Intellectual Property 101: What It Is and Why I Should Protect It
Startups and early stage companies have many things to focus on and worry about, and the protection of intellectual property (IP) is likely not on the top of the list, if it’s on the list at all. Why? Because a business startup is focused on sales and revenue, cash flow and profits, and quite frankly sometimes just surviving the initial launch and startup of their new business.
The marketplace is more competitive than ever, with consumers having so many choices among all the emerging technologies and businesses and the points of differentiation becoming more subtle. This growing challenge makes protecting IP critically important and is why it needs to be near the top of the list of a startup’s priorities. The four types of IP are among a startup’s most valuable business assets: trademarks, copyrights, patents, and trade secrets.
As we covered in a prior blog post, IP is often misunderstood and confused. To most people and businesses, everything seems to be a copyright, when it may actually be a trademark that applies or vice versa. To protect IP, you need to know what it is – identifying what type of IP we’re talking about is often times the most difficult thing to do.
So what is IP and how can a startup protect it?
A trademark is a word, name, symbol, or logo used in connection with a product or service. Trademarks help to identify and distinguish the product or service from its competitors. Although "common law" rights in a trademark can be established merely by using it in commerce (e.g., via sales for products or advertising for services), registering the trademark provides the holder with the legal presumption of exclusive ownership, and notifies the public that the user claims ownership.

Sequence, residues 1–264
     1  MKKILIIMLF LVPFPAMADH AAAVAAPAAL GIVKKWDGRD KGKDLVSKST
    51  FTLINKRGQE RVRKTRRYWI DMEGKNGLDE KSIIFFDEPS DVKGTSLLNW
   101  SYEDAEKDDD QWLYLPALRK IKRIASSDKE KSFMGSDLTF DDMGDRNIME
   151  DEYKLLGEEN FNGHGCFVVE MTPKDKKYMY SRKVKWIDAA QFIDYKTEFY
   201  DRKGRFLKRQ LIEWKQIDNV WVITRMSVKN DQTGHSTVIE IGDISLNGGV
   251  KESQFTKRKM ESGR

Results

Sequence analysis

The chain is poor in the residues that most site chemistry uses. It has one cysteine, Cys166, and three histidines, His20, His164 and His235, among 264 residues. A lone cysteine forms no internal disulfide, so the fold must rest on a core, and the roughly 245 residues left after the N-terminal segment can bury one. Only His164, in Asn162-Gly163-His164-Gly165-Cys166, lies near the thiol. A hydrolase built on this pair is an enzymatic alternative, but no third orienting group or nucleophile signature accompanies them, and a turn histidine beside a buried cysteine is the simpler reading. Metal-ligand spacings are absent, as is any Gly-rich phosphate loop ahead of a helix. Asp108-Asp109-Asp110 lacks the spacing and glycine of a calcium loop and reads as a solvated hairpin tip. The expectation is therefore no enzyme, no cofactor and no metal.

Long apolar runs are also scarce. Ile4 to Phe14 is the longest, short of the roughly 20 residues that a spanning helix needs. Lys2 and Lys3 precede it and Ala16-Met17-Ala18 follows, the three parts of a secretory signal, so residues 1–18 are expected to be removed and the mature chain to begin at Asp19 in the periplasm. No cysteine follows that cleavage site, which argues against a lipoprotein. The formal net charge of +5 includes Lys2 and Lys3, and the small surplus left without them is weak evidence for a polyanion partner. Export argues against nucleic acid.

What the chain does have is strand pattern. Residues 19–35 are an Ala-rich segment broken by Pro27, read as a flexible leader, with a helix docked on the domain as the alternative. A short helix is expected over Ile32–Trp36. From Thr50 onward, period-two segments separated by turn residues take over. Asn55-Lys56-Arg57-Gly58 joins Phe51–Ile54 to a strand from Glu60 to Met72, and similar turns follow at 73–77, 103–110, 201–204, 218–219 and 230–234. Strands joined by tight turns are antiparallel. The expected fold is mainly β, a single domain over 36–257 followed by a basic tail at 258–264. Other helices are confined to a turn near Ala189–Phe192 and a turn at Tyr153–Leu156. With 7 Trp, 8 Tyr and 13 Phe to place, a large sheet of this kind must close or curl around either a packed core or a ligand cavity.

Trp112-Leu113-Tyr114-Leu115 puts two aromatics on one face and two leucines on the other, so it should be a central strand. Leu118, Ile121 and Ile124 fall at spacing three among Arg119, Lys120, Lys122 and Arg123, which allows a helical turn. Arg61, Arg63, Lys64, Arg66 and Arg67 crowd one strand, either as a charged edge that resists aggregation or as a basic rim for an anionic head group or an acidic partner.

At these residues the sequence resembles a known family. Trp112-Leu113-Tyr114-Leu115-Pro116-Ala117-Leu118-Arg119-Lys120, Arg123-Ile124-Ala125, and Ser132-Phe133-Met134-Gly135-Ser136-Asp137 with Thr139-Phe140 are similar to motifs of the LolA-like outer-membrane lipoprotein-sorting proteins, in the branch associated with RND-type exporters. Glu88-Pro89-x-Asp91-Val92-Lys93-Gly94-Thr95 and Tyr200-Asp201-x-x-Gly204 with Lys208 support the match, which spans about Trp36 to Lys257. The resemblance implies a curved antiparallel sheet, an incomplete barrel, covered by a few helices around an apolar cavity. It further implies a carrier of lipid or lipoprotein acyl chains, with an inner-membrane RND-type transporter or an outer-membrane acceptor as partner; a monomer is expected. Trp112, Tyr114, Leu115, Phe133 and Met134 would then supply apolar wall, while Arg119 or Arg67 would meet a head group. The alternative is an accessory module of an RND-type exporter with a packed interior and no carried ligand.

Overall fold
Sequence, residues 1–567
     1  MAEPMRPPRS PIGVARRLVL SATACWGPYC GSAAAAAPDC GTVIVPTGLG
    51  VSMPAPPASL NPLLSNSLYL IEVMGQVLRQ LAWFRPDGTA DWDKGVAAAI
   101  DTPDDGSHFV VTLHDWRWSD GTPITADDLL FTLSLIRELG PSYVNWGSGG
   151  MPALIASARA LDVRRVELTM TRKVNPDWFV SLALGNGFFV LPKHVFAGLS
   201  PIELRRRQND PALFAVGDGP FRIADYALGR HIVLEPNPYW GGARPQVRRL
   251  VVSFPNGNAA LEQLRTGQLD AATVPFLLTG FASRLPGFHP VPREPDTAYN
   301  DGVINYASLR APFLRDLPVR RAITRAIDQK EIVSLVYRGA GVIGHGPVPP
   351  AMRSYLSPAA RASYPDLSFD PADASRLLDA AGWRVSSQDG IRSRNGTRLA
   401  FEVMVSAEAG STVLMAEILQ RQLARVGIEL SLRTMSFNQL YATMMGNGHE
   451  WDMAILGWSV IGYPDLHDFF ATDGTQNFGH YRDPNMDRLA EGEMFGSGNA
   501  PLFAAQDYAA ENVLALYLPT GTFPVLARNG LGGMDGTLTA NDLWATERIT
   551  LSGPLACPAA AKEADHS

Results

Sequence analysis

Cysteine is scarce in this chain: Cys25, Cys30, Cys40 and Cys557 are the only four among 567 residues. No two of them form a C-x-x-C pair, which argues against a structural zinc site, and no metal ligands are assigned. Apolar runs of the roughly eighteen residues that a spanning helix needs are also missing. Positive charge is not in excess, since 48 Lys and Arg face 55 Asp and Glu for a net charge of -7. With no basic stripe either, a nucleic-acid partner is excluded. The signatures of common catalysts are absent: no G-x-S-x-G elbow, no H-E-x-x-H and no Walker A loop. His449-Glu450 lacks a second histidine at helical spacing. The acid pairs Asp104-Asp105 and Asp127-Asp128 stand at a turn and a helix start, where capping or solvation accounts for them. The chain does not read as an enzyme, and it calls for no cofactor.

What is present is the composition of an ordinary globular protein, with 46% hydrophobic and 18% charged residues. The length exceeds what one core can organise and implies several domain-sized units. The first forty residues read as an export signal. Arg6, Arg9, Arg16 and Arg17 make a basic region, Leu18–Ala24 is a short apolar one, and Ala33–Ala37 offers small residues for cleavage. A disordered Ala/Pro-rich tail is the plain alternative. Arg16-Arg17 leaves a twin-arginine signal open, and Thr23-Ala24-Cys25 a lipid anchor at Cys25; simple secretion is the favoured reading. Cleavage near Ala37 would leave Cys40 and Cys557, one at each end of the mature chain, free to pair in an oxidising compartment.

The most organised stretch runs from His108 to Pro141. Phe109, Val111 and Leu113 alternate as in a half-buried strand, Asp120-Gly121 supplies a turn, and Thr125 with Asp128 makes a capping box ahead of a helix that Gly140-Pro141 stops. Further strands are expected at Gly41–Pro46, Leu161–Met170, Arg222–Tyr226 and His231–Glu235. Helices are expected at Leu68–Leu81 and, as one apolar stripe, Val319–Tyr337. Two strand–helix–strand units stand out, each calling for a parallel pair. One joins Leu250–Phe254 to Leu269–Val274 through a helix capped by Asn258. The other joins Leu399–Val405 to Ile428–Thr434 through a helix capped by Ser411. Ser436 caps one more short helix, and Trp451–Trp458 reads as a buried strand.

Trademarks can be protected through registration with the state or federal government. If a trademark is registered, someone with a similar mark who applies for protection may be denied and should consider ceasing to use the possibly conflicting mark to avoid being challenged or sued. Trademarks can be federally protected by an “actual use” registration or by an “intent to use” (ITU) registration. The ITU applies if the owner has not yet begun using the mark, but has a bona fide intention to use it in the near future such as with a planned future product. In this regard, the ITU can act as a form of “pre-reservation” of the mark to help limit surprises or challenges in the future when the new product is launched.
Beyond registration, trademark owners can also hire a "watch service" to monitor trademark registries for copycats, or to watch domain names to see if another person or entity is selling competing products online. Another cost-effective way to remain aware of whether your trademark is being used, or appears in the news or on the web, is to create a Google Alert. However, it would be risky to rely solely on Google alerts, or simply periodically "surf the web" yourself, because those searches do not flag trademark registries or domain names.